DOT Project Manager Wanda Austin confirmed as much March 3, saying a meeting between DOT and Charlotte-based engineering firm Calyx the day before had them “looking at some ideas to minimize the impact” on Walnut Street.  

Austin said that so far, they’d agreed to remove a bike lane extending along Walnut Street from North Main Street to Branner Avenue, shaving at least 5 feet from the proposed 17-foot widening. 

Brown, who called himself a “child of the ‘60s,” stressed the importance of grassroots activism and alluded to the fact that the battle wasn’t yet over.


Further on up the road

Back up on busy Russ Avenue, beneath the glow of traffic lights and illuminated plastic signs beckoning consumers, another fight may be brewing. 

Although the expressway-to-Walnut segment of the project seemed to get lost in the furor over Walnut Street proper, some business owners are gearing up for a fight that could be just as contentious due to plans that may be just as disastrous. 

John Burgin is the trustee of a parcel at 710 Russ Avenue upon which sits an Arby’s restaurant. The parcel was left to Burgin’s mother by his father to ensure her financial security during retirement and is assessed at more than $630,000 in value.

DOT plans call for a right-turn lane — in addition to an 18-foot median and bike lanes — from northbound Russ into the Ingles grocery store that would obliterate much of the Arby’s parking lot fronting Russ and severely curtail its drive-thru service. 

“It would about render that property useless,” Burgin said. 

Burgin said that although he hadn’t talked to Arby’s (which he neither owns nor operates), he was “confident” it would result in the closure of the curly-fries purveyor and said he couldn’t imagine any other fast-food tenant taking over the space in the future.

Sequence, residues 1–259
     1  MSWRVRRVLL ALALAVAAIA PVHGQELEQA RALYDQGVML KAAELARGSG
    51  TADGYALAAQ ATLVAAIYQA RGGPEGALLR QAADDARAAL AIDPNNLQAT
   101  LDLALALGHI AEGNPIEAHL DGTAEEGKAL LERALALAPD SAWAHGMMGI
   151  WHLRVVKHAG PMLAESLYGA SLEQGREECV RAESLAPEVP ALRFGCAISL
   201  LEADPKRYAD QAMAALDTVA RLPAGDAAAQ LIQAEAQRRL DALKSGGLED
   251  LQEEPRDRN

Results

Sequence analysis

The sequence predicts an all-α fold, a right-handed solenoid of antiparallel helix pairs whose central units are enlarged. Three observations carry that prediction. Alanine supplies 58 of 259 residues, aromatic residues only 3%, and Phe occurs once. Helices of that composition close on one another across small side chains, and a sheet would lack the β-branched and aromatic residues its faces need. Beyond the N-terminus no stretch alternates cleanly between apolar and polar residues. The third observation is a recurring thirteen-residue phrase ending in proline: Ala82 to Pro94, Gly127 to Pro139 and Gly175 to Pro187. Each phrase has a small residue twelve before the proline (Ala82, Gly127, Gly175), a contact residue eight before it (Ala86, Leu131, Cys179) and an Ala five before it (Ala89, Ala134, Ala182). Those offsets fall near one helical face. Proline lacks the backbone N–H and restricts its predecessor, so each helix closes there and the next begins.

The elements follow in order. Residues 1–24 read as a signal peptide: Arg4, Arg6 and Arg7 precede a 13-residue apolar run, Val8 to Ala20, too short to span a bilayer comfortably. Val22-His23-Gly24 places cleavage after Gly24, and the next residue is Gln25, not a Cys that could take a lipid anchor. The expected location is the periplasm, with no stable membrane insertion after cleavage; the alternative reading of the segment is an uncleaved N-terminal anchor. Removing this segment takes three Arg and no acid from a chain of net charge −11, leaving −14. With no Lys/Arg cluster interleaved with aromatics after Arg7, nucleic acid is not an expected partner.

“There are four entrances to Ingles right now,” he said. “They [DOT] want to take a piece of my private property and make it easier to get in to the Ingles. What they’re basically doing is taking away my mom’s retirement income.”

That same turning lane would also remove about a third of the parking for the Waffle House just north of Burgin’s property, bringing the street much closer to the building.

Burgin and the Waffle House seem to be backed into a corner; there isn’t much room to expand behind the two businesses, owing to a steep incline that serves as roadbed to one of Ingles’ driveways. 

Although Joe Taylor of Taylor Motor Company at 505 Russ Avenue has a bit less to lose than the Burgins do, he wasn’t necessarily pleased with the plans as presented, either. 

Taylor, like Burgin, thinks the median is far too wide; Burgin said town engineers have always held that wider streets encourage speeding. 

Maggie Valley officials are on board with that idea as well; plans to tighten up Soco Road are specifically tailored to send the subconscious message of “slow down.”

Taylor also wonders why bicycle lanes would be planned for such a busy road. 

Despite having their concerns lost in the furor over Walnut Street, Burgin, Taylor, and other property owners up and down the busy commercial corridor who will be affected — including the KFC, CVS and McDonald’s on the other side of Russ Avenue — will have yet another chance to effect change in DOT’s plans. 

An additional public meeting will be scheduled sometime this summer by DOT.



What’s next:

• Select detailed study alternatives and hold second public meeting: Mid-2017

• Prepare state environmental document: Late 2017

• Right of way acquisition: 2020

• Construction: 2022